Over the years, many policies have been implemented across nations to prevent, reduce and tighten enforcement on smoking and tobacco use. However, despite all of the major initiatives, smoking related deaths and diseases still remain high and present a major challenge for many nations of the world. In this paper we argue that conducting a critical ethnography study in different settings, as this research sets out to do (in Nigeria) is a first step to understanding the tobacco control policies that will work effectively in different resource settings. As the act of smoking becomes global, it is beneficial to study the effect of specific methods, methodology and policies in addressing smoking in the population. This paper is one of three on the study of public health challenge of smoking in Nigeria, and explains the method used in collecting and analyzing data. The research was undertaken and analyzed through a critical ethnography lens using critical realism as a philosophical underpinning. In the study we relied upon the following components: original field work in Nigeria which includes participant observation of smokers, in-depth interviews and focus groups with smokers, and in depth interviews with health professionals working in the area of tobacco control in Nigeria.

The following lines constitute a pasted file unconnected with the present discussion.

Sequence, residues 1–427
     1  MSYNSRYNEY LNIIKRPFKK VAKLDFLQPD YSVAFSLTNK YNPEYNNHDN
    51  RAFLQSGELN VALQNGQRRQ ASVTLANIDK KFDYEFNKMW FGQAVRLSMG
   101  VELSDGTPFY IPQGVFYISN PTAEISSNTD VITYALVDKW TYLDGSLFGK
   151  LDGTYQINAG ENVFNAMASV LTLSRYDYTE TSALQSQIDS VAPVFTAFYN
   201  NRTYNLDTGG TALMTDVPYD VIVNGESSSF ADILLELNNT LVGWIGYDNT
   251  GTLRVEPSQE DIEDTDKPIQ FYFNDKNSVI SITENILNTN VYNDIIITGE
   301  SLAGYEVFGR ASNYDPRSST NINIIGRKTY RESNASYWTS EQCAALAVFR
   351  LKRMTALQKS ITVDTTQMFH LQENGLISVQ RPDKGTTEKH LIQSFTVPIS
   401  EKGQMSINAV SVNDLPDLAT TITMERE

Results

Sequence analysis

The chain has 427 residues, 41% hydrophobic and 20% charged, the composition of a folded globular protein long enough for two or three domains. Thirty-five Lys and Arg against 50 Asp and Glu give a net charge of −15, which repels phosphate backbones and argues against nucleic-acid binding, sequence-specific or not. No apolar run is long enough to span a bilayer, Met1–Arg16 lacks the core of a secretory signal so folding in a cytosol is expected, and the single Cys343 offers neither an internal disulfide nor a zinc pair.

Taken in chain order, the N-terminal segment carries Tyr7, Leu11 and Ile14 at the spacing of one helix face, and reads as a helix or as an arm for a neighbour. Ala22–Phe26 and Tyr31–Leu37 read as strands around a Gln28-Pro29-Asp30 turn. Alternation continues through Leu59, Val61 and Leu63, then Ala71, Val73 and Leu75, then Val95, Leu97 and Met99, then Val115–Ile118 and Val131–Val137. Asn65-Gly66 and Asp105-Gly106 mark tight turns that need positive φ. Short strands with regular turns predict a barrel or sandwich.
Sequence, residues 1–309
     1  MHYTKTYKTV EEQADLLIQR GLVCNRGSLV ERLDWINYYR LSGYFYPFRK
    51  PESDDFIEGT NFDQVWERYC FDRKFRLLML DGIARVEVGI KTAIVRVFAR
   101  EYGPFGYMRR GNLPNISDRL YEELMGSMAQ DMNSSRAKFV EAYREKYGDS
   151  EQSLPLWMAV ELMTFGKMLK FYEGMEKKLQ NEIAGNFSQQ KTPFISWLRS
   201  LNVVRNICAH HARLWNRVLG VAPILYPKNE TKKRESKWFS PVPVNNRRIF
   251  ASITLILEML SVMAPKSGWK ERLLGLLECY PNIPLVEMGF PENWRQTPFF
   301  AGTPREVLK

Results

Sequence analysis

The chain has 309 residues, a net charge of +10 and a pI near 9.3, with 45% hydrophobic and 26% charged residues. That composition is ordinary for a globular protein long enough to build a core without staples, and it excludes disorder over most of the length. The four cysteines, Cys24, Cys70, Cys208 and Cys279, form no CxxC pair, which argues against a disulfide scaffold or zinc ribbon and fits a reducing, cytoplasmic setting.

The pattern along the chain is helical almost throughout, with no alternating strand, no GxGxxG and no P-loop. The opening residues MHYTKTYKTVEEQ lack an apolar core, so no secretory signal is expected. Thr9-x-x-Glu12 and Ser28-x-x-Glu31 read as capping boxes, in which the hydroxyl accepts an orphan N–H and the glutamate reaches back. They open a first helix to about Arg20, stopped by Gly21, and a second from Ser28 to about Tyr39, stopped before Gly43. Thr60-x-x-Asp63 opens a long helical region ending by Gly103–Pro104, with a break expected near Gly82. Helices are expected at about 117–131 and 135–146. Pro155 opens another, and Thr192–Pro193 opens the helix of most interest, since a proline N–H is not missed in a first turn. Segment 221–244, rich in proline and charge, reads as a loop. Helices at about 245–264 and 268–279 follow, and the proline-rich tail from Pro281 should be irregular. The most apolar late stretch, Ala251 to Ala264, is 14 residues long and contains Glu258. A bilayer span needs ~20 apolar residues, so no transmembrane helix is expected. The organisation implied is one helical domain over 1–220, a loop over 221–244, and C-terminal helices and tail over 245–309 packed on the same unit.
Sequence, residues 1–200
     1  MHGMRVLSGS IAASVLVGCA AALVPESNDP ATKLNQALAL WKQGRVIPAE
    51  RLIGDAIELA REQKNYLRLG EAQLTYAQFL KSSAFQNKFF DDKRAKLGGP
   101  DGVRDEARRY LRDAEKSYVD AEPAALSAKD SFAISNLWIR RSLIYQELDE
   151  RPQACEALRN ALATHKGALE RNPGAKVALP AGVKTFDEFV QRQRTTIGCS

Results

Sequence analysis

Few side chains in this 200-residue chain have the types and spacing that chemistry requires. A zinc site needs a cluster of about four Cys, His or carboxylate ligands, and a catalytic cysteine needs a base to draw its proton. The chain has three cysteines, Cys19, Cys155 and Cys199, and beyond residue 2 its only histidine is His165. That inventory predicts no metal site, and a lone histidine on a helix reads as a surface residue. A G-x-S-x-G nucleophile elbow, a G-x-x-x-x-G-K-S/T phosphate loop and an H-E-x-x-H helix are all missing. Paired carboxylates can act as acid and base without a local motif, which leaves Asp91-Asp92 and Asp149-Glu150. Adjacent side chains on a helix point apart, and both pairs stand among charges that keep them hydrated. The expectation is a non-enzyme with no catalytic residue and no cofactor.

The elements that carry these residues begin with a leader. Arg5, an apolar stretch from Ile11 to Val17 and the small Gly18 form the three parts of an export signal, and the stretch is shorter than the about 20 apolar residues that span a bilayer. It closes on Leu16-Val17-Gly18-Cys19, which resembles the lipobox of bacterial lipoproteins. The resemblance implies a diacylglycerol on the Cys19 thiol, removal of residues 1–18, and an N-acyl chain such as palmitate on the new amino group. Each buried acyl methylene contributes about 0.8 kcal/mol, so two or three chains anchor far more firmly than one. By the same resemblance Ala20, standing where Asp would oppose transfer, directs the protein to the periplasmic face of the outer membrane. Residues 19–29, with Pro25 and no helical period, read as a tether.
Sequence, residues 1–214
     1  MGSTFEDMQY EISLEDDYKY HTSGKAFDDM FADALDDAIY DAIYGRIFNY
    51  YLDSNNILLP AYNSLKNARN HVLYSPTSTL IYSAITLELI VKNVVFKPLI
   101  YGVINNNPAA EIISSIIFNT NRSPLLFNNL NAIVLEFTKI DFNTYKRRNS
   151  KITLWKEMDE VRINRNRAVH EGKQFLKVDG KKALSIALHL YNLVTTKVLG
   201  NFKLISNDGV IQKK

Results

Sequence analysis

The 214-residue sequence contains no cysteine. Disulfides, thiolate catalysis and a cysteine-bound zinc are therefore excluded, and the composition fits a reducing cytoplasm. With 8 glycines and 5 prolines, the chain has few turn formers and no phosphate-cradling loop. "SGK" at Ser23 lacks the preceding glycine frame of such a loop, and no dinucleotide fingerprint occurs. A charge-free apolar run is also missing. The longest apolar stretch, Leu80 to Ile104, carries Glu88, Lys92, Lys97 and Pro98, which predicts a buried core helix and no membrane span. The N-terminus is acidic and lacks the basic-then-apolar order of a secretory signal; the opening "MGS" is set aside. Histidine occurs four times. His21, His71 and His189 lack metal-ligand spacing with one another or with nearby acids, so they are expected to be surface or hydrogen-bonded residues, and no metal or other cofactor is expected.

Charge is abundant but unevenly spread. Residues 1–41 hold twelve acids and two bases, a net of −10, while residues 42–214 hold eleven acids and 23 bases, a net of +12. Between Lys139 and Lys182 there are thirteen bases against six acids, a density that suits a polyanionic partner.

Critical Ethnography, Tobacco Control, Smoking, Health Policy, Insider/Outsider, Qualitative Research, Critical Realism

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Creative Commons Attribution-Noncommercial 4.0 License
This work is licensed under a Creative Commons Attribution-Noncommercial-Share Alike 4.0 International License.




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